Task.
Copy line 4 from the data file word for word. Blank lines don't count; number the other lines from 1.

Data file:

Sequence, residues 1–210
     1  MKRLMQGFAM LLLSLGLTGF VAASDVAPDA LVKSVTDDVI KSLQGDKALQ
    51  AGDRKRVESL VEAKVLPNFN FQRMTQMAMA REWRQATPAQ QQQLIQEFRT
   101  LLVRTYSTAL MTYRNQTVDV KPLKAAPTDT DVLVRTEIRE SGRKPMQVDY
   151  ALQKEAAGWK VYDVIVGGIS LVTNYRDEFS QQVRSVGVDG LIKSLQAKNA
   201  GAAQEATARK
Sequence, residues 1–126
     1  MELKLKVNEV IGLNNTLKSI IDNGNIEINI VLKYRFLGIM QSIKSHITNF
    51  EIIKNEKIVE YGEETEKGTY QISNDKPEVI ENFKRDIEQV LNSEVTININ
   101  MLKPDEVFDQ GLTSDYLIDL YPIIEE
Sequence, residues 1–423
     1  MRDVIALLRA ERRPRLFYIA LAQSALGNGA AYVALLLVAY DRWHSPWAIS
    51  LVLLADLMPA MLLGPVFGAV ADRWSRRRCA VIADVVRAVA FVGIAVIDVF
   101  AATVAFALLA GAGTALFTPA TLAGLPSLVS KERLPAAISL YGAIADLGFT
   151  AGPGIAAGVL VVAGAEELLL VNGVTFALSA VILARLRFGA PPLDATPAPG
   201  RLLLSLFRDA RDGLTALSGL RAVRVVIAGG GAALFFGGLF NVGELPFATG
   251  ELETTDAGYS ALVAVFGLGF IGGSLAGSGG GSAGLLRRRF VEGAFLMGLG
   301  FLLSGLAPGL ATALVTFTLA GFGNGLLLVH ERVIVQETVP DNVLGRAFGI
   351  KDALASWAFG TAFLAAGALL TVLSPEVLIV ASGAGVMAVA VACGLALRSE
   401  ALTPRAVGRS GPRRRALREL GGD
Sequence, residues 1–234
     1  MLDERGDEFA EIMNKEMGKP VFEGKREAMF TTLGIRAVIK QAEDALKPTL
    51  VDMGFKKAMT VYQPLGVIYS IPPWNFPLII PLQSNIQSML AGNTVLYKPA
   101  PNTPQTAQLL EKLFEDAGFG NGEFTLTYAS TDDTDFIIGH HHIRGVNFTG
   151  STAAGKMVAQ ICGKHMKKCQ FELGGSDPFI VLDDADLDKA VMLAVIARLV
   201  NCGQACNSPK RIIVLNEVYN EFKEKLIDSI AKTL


   101  LLVRTYSTAL MTYRNQTVDV KPLKAAPTDT DVLVRTEIRE SGRKPMQVDY